Back in 2002, shortly after George W. Bush coined the term “Axis of Evil” in his state of the union message, a hue and cry went up from some quarters about the wisdom of lighting so many new fires while the one being fought by U.S. troops in Afghanistan still burned so bright. Lawrence J. Korb, a former Reagan defense official who was then CFR's director of studies, argued “by broadening the objectives of the conflict to ‘rooting out evil’ in the world, Bush risks undermining his original goal and has taken on a war no nation can win.”
Many foreign policy experts on both sides of the American political fray long ago concluded the quarantine imposed on diplomatic contacts with nations Washington viewed as “rogues” had become counterproductive. In the past month, however, the opening of new, groundbreaking contacts with members of the infamous “Axis”—Iraq, Iran, North Korea—look like a climb down (Telegraph) to some, and not just those on the left. On North Korea, bilateral talks the administration promised it would never hold occurred in January. They produced a tentative deal on at least part of that nation’s nuclear arsenal in February that bore a distinct resemblance (NY Review of Books) to the deal the Clinton administration struck in 1994.
Elsewhere, Secretary of State Condoleezza Rice this week nonchalantly announced she would attend a meeting of Iraq’s neighbors which will include the foreign ministers of Syria and Iran (FT). In another less-publicized shift in December, President Bush received a radical Shiite Iraqi political leader, Abdul Aziz al-Hakim, at the White House, extending an official welcome to a politician trained and backed by Iran and in command of Iraq’s largest Shiite militia group.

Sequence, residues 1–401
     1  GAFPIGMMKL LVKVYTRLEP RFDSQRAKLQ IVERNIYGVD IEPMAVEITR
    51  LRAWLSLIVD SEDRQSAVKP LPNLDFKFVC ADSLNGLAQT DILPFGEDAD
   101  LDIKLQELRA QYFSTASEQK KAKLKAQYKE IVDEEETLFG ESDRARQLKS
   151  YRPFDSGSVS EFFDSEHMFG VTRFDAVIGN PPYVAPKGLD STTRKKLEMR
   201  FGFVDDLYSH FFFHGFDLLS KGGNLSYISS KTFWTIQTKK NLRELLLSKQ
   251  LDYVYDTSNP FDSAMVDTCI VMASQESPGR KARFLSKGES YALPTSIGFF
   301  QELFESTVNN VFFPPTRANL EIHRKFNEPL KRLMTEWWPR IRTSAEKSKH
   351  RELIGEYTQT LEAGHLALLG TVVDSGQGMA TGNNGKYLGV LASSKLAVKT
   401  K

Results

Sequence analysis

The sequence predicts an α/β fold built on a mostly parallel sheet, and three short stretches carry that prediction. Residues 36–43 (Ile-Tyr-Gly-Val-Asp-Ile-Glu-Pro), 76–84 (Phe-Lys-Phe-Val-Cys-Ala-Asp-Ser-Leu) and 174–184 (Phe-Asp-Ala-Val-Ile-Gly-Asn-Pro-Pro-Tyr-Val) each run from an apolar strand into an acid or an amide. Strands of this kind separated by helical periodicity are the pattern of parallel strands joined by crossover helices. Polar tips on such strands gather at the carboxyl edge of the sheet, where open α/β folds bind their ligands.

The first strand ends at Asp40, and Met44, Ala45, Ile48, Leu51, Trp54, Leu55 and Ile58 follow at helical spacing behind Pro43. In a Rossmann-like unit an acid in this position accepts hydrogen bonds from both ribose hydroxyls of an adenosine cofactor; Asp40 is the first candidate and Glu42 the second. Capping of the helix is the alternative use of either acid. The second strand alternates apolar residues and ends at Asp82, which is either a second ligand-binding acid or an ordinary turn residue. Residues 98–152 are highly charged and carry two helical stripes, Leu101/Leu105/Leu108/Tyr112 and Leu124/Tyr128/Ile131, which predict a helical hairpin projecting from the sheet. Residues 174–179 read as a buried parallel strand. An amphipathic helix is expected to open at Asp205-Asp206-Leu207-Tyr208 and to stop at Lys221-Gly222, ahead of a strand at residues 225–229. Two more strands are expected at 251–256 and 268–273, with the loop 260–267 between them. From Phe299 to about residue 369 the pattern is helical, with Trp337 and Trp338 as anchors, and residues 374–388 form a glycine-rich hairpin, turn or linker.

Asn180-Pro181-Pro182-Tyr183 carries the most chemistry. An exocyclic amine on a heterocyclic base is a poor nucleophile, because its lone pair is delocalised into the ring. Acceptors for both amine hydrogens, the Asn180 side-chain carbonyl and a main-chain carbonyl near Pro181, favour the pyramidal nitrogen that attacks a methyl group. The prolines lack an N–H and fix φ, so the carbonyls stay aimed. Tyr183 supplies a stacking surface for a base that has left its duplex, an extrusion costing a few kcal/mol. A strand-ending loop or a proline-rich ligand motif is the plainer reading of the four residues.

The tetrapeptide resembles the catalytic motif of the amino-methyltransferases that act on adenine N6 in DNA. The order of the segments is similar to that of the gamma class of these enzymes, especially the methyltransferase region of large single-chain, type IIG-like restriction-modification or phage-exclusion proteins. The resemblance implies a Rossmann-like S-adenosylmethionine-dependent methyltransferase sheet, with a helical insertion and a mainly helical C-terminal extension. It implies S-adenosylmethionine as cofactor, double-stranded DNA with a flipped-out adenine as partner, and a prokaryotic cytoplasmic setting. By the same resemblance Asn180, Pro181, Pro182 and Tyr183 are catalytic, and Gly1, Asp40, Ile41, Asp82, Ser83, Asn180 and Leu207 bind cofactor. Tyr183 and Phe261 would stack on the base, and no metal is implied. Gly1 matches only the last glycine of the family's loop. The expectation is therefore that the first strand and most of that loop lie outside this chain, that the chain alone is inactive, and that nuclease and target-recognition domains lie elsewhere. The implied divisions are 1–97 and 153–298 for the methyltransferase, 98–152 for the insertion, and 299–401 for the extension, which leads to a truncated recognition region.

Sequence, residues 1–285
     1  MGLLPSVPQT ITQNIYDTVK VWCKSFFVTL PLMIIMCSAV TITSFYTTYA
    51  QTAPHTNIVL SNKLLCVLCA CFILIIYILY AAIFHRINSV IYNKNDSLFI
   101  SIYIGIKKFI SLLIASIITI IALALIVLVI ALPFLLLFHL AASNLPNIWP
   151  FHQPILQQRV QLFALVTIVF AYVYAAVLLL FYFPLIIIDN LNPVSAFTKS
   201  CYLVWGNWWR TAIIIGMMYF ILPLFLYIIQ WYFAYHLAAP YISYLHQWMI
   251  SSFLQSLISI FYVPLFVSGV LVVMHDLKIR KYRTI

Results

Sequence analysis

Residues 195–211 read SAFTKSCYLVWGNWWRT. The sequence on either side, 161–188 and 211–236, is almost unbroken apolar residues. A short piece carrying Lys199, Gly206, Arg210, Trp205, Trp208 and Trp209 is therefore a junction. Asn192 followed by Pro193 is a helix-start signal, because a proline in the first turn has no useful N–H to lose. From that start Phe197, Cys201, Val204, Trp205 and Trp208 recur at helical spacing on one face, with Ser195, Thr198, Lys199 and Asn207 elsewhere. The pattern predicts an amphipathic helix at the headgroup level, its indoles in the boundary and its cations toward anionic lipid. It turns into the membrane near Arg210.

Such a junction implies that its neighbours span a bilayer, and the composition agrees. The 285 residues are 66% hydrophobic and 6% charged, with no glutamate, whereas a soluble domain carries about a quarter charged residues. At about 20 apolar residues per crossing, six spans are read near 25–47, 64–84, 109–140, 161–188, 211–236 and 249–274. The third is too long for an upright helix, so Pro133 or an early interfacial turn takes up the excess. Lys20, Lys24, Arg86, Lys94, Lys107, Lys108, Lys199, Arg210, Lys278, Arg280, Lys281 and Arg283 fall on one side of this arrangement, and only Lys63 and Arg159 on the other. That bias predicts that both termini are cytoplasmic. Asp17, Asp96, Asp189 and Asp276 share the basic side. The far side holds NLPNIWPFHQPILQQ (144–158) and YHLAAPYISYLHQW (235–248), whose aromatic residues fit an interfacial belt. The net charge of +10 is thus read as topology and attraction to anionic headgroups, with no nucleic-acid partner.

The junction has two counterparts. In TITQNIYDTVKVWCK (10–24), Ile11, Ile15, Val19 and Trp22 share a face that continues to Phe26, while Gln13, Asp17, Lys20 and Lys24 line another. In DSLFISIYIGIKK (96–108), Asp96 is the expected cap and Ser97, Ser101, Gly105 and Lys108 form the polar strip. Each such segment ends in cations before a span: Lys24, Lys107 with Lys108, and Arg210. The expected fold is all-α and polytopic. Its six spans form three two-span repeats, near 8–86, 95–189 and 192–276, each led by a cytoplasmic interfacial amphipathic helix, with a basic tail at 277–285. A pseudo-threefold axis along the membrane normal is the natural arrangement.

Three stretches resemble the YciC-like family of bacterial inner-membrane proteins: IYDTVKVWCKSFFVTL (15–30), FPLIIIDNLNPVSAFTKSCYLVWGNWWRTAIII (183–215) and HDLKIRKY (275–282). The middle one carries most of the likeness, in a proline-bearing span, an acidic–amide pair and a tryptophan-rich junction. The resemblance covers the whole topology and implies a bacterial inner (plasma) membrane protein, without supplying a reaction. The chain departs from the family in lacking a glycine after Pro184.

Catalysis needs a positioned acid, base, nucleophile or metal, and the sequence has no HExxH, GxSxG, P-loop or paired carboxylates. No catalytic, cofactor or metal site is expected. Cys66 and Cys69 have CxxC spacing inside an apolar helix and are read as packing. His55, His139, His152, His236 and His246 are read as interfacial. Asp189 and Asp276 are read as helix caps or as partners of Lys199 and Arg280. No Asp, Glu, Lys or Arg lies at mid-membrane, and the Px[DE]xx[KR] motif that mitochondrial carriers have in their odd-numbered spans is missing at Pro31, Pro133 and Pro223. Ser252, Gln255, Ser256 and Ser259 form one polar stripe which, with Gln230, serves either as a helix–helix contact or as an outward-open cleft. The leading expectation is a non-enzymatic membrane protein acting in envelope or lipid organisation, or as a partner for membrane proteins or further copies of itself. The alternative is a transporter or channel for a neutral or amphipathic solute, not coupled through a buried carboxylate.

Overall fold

All this has critics feeling vindicated. As Rupert Cornwall reports in Britain’s left-leaning Independent: “The very fact the United States has agreed to take part marks an abrupt shift in policy by Washington after months of refusing to have any truck with Tehran—despite strong urgings to that effect by the bipartisan Iraq Study Group (ISG) and many Middle East policy experts.” Furious cries of “betrayal” emanate from some. “Two days after Mahmoud Ahmadinejad, the man who has sworn to annihilate Israel, declared that Iran's nuclear program has 'no reverse gear,' the Bush administration has apparently gone into reverse itself,” fumed conservative essayist Daniel Johnson (NY Sun).
So, has the Bush administration “gone into reverse?” It argues the timing of its decision to suddenly engage in talks with these particular actors is important. In each case, an unnamed senior official tells the New York Times, sticking with a confrontational approach for so long—the surge in Iraq, moving a second carrier into Iran’s range, slapping financial sanctions on Pyongyang—has paid off. "The government of the United States now feels as though it has leverage," another senior administration official said.
In North Korea, at least, the flexibility has brought progress which seemed impossible until recently. This week, talks progressed to unfreeze (NYT) some North Korean assets in Macao banks.
At the same time, U.S. intelligence officials backed away from the certainty (WashPost) they once claimed about the extent of North Korea’s uranium enrichment program—the part, critics point out, that falls outside the tentative agreement reached in February. All this has friend and foe alike wondering whether America is turning on the "axis," or merely spinning.